Every year some 5,000 Americans die on motorcycles. For 57 relatively sane years, I had absolutely no chance of becoming one of them.
But last summer I took a detour to the wild side and decided to buy my first bike. When I confided this plan to people, it was like a scene from the holiday classic A Christmas Story. Whenever young Ralphie mentions the BB gun he wants for Christmas, people tell him, “You’ll shoot your eye out.”
So it was with me and my friends. I was invariably warned that I would meet certain doom by being flattened by an 18-wheeler or in the unforgiving embrace of a bridge abutment. And I could see the unspoken conviction in the glances they exchanged: midlife crisis.
Well, maybe. I am not the sort of person you would pick to be a biker. I’m an easygoing science-fiction writer. Even the thought of getting a tattoo makes me queasy. Weed-whacking in the garden is my idea of a rowdy weekend . Until recently my recreational locomotion was all pretty much muscle-powered: I jog, bicycle, snowshoe and kayak.
Why a motorcycle now? Like any good citizen of the 21st century, I wanted to reduce my carbon footprint. Because I live on a dirt road at the bottom of a hill you could ski down, I need an all-wheel drive vehicle during the long New Hampshire winters. But I don’t need one to go to the post office on a sunny spring day or the library in October.
Alas, it turns out that motorcycles are not as green as I had hoped. While they are about twice as efficient as cars in converting gasoline into energy, efficiency has its price: bikes emit more oxides of nitrogen and smog-forming hydrocarbons than cars. But they do give off less CO2, because they use less fuel per mile. In my case, much less. The bike I chose, a Honda Rebel, averages more than 70 miles to the gallon.
Before I bought my bike, I signed up for motorcycle-rider training, because I’d read that 90 percent of riders involved in crashes had no formal instruction. The 15-hour, three-day course was based on a curriculum developed by the Motorcycle Safety Foundation. Most of it involved on-the-bike training in the parking lot of a hockey rink. These were my first-ever motorcycle rides. I was so nervous that I dumped my loaner bike on the final test. This meant automatic failure.
I was uninjured, the machine was just fine but my pride had suffered a crippling blow.
Perhaps I should have taken this as a sign to cut short my career as a biker. Instead it stiffened my resolve. I needed to be able to look at myself in the mirror and not imagine loser tattooed on my forehead. You might say this was a guy thing, but it was actually more of a writer thing. In 1980, I put 500 rejection slips into a box and stored it in my attic. I’ve sold pretty much everything I’ve written since. I don’t accept rejection.
So I bought the Rebel, got a learner’s permit and spent many more hours practicing in parking lots before I got my license. And I’m thinking now that my spill might someday save my life.
One thing my instructors emphasized again and again during the course was how dangerous riding can be. And it would appear to be getting more so. Over the last 10 years motorcycle fatalities have increased about 100 percent, adjusted for the increase in new riders. Meanwhile, deaths of motorists have fallen to an all-time low.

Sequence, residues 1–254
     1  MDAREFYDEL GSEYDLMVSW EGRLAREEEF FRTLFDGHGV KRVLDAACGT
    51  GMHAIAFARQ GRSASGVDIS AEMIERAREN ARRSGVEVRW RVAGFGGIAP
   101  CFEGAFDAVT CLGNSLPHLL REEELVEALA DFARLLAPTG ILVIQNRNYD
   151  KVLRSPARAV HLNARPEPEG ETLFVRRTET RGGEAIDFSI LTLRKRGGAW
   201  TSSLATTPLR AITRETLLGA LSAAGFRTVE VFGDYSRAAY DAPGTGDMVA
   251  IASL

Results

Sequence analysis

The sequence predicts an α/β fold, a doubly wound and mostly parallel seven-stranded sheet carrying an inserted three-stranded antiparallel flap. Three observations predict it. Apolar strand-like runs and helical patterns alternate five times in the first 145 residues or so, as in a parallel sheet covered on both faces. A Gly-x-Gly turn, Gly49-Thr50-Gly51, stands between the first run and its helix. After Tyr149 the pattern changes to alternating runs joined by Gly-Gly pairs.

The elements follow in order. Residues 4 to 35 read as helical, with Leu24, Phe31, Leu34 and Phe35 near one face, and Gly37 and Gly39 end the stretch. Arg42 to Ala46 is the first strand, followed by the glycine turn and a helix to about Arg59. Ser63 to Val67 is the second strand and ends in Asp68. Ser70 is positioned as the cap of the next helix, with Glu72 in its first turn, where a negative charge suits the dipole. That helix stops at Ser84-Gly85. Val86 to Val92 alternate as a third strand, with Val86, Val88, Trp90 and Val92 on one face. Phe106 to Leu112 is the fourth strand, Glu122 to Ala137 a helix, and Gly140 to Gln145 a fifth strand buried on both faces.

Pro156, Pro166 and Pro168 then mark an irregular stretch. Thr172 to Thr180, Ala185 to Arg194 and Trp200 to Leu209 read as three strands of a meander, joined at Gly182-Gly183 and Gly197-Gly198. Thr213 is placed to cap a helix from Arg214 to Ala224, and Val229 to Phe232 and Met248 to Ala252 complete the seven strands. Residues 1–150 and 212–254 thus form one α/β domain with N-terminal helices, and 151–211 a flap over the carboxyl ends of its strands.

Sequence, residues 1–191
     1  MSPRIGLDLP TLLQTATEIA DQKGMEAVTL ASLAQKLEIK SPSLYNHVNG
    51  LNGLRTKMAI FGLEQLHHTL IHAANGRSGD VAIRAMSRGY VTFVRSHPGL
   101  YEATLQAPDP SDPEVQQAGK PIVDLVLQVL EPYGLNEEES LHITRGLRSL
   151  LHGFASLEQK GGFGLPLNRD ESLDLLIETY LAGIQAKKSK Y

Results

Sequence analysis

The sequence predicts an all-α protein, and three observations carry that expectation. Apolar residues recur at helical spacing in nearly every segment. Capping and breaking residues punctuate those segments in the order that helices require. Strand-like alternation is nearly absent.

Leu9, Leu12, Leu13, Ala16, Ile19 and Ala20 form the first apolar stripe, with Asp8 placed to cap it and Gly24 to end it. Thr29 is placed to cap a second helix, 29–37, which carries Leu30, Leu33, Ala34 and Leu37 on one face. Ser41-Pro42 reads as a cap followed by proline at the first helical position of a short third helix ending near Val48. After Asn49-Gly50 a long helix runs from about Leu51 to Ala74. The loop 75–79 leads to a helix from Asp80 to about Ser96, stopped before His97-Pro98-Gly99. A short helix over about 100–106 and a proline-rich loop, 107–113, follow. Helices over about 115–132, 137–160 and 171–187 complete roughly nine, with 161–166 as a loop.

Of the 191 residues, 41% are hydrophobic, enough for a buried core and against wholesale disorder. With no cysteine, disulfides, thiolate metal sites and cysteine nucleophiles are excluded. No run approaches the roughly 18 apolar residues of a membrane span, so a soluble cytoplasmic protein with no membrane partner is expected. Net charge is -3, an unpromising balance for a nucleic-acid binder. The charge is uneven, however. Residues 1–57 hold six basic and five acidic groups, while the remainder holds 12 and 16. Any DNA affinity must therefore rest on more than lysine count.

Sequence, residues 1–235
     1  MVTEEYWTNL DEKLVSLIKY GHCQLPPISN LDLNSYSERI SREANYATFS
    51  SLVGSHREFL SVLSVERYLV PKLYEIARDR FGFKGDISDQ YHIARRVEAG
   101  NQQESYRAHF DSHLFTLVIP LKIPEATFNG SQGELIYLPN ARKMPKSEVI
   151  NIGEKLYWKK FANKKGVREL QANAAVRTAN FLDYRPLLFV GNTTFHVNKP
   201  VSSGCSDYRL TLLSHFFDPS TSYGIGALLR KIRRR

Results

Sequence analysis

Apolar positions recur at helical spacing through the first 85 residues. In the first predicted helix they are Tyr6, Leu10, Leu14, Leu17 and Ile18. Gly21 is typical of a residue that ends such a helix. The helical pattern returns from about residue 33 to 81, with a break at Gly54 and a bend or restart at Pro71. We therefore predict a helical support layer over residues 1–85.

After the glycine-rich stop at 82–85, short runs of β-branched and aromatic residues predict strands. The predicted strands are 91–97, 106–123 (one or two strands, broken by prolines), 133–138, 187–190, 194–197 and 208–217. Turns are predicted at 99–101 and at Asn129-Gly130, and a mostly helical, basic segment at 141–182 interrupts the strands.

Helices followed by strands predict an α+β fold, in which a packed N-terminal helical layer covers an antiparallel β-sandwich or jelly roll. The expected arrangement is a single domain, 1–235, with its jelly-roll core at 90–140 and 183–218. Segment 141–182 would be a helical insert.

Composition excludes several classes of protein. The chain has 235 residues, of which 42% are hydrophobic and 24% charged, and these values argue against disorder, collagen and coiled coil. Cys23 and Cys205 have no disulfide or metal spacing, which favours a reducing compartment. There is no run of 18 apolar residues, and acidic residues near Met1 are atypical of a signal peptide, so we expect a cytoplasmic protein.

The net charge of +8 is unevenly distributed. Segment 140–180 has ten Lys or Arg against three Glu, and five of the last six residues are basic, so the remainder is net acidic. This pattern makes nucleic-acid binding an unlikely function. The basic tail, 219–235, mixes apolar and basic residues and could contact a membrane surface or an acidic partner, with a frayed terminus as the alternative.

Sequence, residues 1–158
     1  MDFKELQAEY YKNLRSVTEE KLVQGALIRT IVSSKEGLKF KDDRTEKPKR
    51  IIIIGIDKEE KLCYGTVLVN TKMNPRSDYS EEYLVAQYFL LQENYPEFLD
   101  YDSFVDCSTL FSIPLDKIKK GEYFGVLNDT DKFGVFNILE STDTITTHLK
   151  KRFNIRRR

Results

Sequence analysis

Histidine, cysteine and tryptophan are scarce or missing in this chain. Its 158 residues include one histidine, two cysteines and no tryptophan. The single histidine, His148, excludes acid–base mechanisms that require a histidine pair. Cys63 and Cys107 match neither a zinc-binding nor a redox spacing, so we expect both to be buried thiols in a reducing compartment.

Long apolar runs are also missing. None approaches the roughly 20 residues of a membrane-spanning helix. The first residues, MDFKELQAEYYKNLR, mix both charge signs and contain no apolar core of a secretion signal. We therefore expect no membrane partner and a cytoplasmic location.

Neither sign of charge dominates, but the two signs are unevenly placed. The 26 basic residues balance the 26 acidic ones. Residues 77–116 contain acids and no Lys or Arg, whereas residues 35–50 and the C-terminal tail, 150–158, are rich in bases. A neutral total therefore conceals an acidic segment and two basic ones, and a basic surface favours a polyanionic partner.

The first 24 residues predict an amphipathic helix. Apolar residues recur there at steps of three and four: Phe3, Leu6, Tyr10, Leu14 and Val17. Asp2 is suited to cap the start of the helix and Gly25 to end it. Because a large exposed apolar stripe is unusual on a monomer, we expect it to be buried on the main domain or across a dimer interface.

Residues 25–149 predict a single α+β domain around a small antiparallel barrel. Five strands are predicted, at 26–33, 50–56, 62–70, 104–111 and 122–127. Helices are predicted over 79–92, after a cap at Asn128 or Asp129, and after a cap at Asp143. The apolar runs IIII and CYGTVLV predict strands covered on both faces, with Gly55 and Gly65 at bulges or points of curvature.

In a study published earlier this year, the Gannett News Service analyzed the most recent available federal accident reports. Here are some stats on motorcycle fatalities that got my attention: 42 percent weren’t wearing helmets; about 90 percent were men; half of the riders killed in 2006 were age 40 and older, and nearly a quarter were older than 50.
Apparently I’m not the only Baby Boomer to be lured by the promise of great gas mileage and the romance of the open road. According to a recent article in The New York Times, many new motorcycle buyers are “middle-age or older men who rode when they were young, gave it up as they raised children and have recently gone back to the bike. ‘They think they still have the same reflexes,’ said James Port, the safety agency’s deputy administrator.”
Ouch! But the grim statistics are not entirely due to Easy Riders chasing their lost youth. Consider two ominous trends. In 1995, Congress repealed penalties for states without universal helmet laws. It is now legal in 27 states to ride with your brains — if any — waiting to be exposed to the elements. Also, motorcycle manufacturers have ramped up the horsepower on today’s bikes. The popular Suzuki GSX-R1000 tests at 160 horsepower. It will go from 0-60 in 2.5 seconds, fast enough to maim or kill the incautious Peter Fonda wannabe. My Rebel, by contrast, is rated at 17 horsepower and strolls from 0-60 in a leisurely 12 seconds.
Because my biking experience began with an accident, I’ve become a cautious rider. I wear the biker equivalent of body armor, and I’ve covered my helmet with reflective yellow strips. Watch out for me, please! It’s rare that I hit 60 mph, but even zipping down the road at 45 is a breathtaking adventure. There are no seat belts or bumpers or airbags, no impact-absorbing hoods or steel-reinforced doors.
Riding my bike is different from driving my car precisely because I’m aware that I’m in constant — if low-level — jeopardy. There’s no time to plot my next story or listen to NPR. I have to be present on the bike, strain my senses as far as they can reach. And that’s a thrill, I now realize, that has nothing to do with 70 mpg.
So maybe my friends were right. If this is my midlife crisis, I’ve embraced it. Besides, if I’m at midlife, that means I’ll live to be 114.
James Patrick Kelly is a science fiction writer who has won the Hugo, Nebula and Locus awards. His most recent book is The Wreck of the Godspeed.